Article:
A.1 COS Lifetime Positions

To mitigate the effect of gain sag and provide the community with access to a fresh (unsagged) region of the FUV detector, the location of the COS FUV spectrum is periodically moved to a new part of the detector. The moves to Lifetime Position 2 (LP2), Lifetime Position 3 (LP3), and Lifetime Position 4 (LP4) occurred on July 23, 2012, February 9, 2015, and October 2, 2017, respectively. For Cycle 29, G130M cenwaves 1291 and longer are at a new LP5, while other G130M cenwaves remain at their previous LPs: LP4 for 1222 and LP2 for 1055 and 1096. G140L cenwaves have returned to LP3, and G160M cenwaves remain at LP4.

For Cycle 30, G160M exposures that are longer than approximately half an orbit will use a new LP6, while shorter G160M exposures will remain at LP4 (if requested). There will be several notable changes for users at LP6, such as increased overheads and a slight reduction in resolution compared to LP4. The COS team will provide additional updates to users as they become available.

The Lifetime Positions are located on the detector in the following way: LP1 is considered to be at the center. LP2 is located at +3.5" in the cross-dispersion direction, LP3 is located at –2.5" in the cross-dispersion direction, and LP4 is located at –5.0" in the cross-dispersion direction, or 2.5" below LP3. LP5 is located at +5.4" in the cross-dispersion direction, or 1.9" above LP2. Figure A.1 shows the positions of the different Lifetime Positions on top of a modal gain map showing the gain sag of the detector as of March 2021.

The LP4 move was accompanied by a new set of restrictions on detector segment usage, FP-POS selection, and target acquisition settings. These changes, which will remain in effect at subsequent LPs, are together known as the COS2025 policy, described at http://www.stsci.edu/hst/instrumentation/cos/proposing/cos2025-policies. The main culprit of gain sag in the COS/FUV detector is Ly α geocoronal emission at 1216 Å that fills the COS 2.5" aperture whenever the G130M grating is used with the 1291/1300/1309/1318/1327 cenwaves on Segment B. In order to mitigate this gain sag, the COS2025 policy minimizes the number of locations on the detector where the geocoronal Ly α emission falls by not supporting the Segment B G130M 1300/1309/1318/1327 cenwaves and reducing the number of FP-POS for 1291 from four to two. In this way the geocoronal Ly α emission falls on fewer locations on the detector, and each LP can be used until the continuum level reaches a low modal gain.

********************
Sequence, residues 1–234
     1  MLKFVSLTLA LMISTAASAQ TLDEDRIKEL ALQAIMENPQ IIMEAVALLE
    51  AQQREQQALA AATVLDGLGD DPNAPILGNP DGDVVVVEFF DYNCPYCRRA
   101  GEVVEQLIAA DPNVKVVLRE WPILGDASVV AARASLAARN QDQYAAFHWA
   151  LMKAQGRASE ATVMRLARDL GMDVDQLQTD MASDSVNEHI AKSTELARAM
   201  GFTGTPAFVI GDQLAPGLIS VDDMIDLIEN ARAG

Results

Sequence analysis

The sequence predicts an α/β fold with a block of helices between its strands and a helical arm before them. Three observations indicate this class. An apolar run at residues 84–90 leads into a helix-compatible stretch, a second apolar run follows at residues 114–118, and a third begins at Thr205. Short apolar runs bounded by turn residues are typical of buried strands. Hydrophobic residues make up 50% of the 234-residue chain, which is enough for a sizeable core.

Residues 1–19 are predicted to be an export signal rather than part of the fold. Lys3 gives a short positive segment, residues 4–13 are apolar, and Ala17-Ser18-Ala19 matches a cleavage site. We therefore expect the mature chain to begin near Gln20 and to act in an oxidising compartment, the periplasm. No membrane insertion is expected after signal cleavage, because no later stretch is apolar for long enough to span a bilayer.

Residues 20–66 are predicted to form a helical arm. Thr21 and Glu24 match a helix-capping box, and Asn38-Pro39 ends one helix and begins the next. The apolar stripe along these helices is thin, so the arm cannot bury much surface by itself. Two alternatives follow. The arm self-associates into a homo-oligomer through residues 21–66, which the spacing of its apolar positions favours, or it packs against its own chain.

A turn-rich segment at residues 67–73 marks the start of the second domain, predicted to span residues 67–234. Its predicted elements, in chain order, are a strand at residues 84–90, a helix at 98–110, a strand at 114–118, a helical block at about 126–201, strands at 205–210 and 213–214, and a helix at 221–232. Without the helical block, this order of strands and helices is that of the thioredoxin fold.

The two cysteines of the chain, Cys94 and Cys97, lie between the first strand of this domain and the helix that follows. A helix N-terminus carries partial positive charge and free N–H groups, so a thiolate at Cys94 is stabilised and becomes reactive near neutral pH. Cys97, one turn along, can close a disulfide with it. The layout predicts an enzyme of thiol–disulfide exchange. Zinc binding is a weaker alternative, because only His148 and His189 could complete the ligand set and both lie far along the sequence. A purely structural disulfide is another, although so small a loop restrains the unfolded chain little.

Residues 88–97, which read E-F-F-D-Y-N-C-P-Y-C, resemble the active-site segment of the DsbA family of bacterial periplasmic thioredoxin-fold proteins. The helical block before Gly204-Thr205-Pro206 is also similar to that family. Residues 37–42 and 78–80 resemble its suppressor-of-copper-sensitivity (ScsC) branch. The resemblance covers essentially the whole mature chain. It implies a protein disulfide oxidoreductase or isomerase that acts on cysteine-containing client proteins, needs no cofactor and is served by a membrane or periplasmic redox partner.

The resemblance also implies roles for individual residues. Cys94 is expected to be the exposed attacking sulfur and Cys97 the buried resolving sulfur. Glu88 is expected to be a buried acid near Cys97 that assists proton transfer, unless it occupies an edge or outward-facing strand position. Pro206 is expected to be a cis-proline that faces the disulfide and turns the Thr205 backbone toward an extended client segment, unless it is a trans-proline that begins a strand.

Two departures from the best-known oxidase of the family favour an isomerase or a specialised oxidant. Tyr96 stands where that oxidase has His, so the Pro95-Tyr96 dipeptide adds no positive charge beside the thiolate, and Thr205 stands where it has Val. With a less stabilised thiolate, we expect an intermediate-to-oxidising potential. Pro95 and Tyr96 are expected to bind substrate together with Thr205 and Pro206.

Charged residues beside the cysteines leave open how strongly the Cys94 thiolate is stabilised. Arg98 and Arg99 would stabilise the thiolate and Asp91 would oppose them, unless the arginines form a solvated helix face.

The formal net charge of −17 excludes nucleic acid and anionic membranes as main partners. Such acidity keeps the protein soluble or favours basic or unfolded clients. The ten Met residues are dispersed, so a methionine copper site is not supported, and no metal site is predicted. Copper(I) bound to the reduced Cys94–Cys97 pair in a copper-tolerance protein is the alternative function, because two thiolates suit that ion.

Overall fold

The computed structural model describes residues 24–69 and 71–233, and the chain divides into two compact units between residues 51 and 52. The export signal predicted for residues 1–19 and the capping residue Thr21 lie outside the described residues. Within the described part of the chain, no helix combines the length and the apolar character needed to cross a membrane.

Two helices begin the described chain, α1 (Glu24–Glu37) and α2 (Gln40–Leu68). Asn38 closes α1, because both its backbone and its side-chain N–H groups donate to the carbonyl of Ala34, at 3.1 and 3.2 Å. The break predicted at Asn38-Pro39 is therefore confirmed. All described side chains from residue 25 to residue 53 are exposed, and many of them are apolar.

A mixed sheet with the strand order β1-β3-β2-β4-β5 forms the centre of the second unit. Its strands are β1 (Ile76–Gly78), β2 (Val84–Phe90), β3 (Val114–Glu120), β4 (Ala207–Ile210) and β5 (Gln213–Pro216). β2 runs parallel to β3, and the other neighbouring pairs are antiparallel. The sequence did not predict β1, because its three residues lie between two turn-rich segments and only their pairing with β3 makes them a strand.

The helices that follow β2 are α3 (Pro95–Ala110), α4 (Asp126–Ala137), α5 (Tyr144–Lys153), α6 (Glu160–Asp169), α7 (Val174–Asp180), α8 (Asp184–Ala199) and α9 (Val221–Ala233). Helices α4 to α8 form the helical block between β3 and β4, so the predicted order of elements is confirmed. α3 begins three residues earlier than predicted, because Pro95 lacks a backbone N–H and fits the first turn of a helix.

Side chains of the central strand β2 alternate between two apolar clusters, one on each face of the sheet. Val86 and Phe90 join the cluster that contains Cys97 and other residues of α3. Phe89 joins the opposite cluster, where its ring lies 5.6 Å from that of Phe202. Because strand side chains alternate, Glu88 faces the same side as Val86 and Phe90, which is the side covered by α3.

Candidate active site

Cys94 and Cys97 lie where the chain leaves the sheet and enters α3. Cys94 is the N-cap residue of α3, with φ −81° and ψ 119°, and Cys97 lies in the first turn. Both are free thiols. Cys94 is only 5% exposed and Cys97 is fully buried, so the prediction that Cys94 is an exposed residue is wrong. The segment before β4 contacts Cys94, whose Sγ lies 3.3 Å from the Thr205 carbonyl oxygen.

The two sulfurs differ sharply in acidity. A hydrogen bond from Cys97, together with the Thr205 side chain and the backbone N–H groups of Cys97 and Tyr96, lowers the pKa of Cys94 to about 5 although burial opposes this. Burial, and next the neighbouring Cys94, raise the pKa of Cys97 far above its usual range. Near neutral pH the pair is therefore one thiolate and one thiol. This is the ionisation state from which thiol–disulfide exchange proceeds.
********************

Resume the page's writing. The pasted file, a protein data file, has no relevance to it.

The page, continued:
Each change in Lifetime Position has resulted in a change in the spectral resolution, and small changes in the core of the line profile and the wings of the line spread function (LSF). The spectral resolution at different Lifetime Positions has been characterized (COS ISR 2013-07, COS ISR 2017-06, and COS ISR 2018-07), and they find a decrease of 5–10% for LP2 and LP3 below LP1, and another 10–15% below LP3 for LP4. The resolution at subsequent LPs will be discussed in forthcoming ISRs. The resolution tabulated in Table 1.1 corresponds to LP4 for the G130M FUV cenwaves. The resolution as a function of Lifetime Position is shown in Figure 1.1. The shapes of the line profiles are well represented in the LSF models available to the community at http://www.stsci.edu/hst/instrumentation/cos/performance/spectral-resolution.

The flux and wavelength calibrations are performed in a similar way for all Lifetime Positions. Calibration observations are executed in preparation for lifetime moves, and updates to calibration reference files are made. These observations include measurements of the spatial and spectral resolution, verification of the wavelength scales, verification of the FUV BOA operations if available, and flux and flat field calibration. In addition, LP3 and beyond make use of profile calibration files for the two-zone extraction described in Section 3.2.1, while LP1 and LP2 use a boxcar extraction.

The calibration pipeline automatically uses the correct calibrations methods based on the Lifetime Position specified in the header keyword LIFE_ADJ, which also enables CRDS to determine the most up to date reference files for that Lifetime Position. LIFE_ADJ can have values of 0, 1, 2, 3, 4, 5, –1, –11, and –999. A value of 0 corresponds to pre-launch data. Values of 1 through 5 correspond to those Lifetime Positions, and as new Lifetime Positions are added they will be designated 6 and higher. A value of –1 is specified if the aperture position is at a non-standard location. A value of –11 is only used in reference files and indicates that the file should be applied to all data with LIFE_ADJ=1 and –1. Lastly, a value of –999 is used for dark exposures, where there is no defined LP.

The varying Lifetime Positions are just for the FUV, and NUV spectroscopic observations remain at LP1 of the NUV detector.

Figure A.1: Location of the Lifetime Positions on Segment B.

The color map shows the modal gain of the FUVB segment as of March 2021. The allowed COS2025 Ly alpha airglow holes are indicated, along with an example of continuum gain sag. Note that the COS2025 policy, which took effect with the move to LP4 and will remain in effect for subsequent LPs, results in fewer gain sag holes due to the limited number of locations where Ly alpha can be placed on the detector. The cyan box indicates the location on the detector where LP5 will be placed.